Police recognise role played by churches in family protection

The Royal Solomon Islands Police Force (RSIPF) has recognised the roles played by local cultures and churches in the implementation of the Family Protection Act 2014.

Gwen Ratu, who represents the office of the Police Commissioner, told a media conference on the Family Protection Act that culture and church have valued roles in the implementation processes of the Act.

“Our culture is something we grow up with, we would sympathise with victims so we will tend to always look after the victim, their children not necessarily in their family unit but in the extended family.

“The churches have certainly played their part as well in providing safety and counselling for the victims.”

Meanwhile the Director of Community Policing Unit Mr. Solomon Sisimia is thankful that ‘church and culture’ continue to play significant roles in the RSIPF community awareness effort.

On 8 April The Solomon Islands officially launched its Family Protection Act 2014 which is aimed at curbing domestic violence in the country.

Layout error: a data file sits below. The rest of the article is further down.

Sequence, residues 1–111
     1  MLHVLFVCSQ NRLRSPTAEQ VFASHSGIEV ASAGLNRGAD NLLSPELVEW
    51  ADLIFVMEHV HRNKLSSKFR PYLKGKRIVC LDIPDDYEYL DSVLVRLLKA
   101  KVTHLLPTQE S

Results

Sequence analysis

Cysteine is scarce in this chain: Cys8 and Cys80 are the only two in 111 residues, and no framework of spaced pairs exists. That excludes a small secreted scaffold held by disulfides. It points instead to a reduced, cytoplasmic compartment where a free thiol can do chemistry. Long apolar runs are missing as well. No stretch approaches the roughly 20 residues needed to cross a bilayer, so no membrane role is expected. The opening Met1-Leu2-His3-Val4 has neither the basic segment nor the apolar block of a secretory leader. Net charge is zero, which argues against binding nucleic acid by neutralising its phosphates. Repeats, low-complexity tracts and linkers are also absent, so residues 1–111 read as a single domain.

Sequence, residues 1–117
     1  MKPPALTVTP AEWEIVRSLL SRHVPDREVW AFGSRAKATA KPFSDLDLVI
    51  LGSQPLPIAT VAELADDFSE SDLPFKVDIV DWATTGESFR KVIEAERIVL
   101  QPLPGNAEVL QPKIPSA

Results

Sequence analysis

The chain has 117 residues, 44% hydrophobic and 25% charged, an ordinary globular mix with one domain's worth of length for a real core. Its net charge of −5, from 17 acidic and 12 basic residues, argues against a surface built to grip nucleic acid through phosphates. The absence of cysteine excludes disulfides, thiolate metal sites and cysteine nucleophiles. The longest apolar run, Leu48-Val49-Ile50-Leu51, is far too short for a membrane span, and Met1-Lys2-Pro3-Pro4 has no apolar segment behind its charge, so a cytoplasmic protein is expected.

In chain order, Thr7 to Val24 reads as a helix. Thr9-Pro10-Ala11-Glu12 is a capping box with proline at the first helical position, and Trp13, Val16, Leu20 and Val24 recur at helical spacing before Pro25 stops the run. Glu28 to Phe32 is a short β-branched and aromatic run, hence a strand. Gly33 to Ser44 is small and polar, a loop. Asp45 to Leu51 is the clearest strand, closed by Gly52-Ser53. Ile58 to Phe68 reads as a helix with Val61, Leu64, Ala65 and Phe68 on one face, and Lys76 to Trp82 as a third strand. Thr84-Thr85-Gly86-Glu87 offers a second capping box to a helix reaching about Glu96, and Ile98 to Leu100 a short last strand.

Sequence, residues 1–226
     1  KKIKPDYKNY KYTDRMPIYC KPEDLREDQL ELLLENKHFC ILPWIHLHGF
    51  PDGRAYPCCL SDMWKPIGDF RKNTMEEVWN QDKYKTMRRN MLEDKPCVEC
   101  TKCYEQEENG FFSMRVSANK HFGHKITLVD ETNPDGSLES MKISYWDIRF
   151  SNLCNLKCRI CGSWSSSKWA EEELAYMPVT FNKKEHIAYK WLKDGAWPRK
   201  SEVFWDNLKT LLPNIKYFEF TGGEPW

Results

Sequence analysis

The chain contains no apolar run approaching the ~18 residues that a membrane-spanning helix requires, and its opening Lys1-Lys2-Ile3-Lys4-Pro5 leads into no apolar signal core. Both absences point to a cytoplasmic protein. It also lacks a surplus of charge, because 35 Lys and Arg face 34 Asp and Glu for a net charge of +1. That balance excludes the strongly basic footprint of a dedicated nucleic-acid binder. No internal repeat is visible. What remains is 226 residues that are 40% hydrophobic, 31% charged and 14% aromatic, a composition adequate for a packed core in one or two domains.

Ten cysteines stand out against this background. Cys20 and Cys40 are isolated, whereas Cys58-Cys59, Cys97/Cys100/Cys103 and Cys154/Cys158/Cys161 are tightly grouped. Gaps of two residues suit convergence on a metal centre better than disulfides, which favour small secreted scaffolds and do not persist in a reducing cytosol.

A Family Health and Safety Study in 2008 showed that 64 percent of women and girls in Solomon Islands suffer from domestic violence.

The Director of the Women’s Development Division in the Solomon Islands Ministry of Women, Youth, Children & Family Affairs says the new act addresses various loopholes in existing legislation including definitions for different forms of abuse.

Speaking at the formal launching of the Act on Friday in Honiara, Prime Minister Manasseh Sogavare said the State and its partner institutions can only help victims of family violence if cases are reported to relevant authorities.

Sogavare said for far too long, Solomon Islanders have tolerated, excused and justified domestic violence which means that for a lot of people, accepting violence in the family is entrenched in them – resulting in violent crimes going unpunished and perpetrators walking free.


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News category: Asia Pacific.

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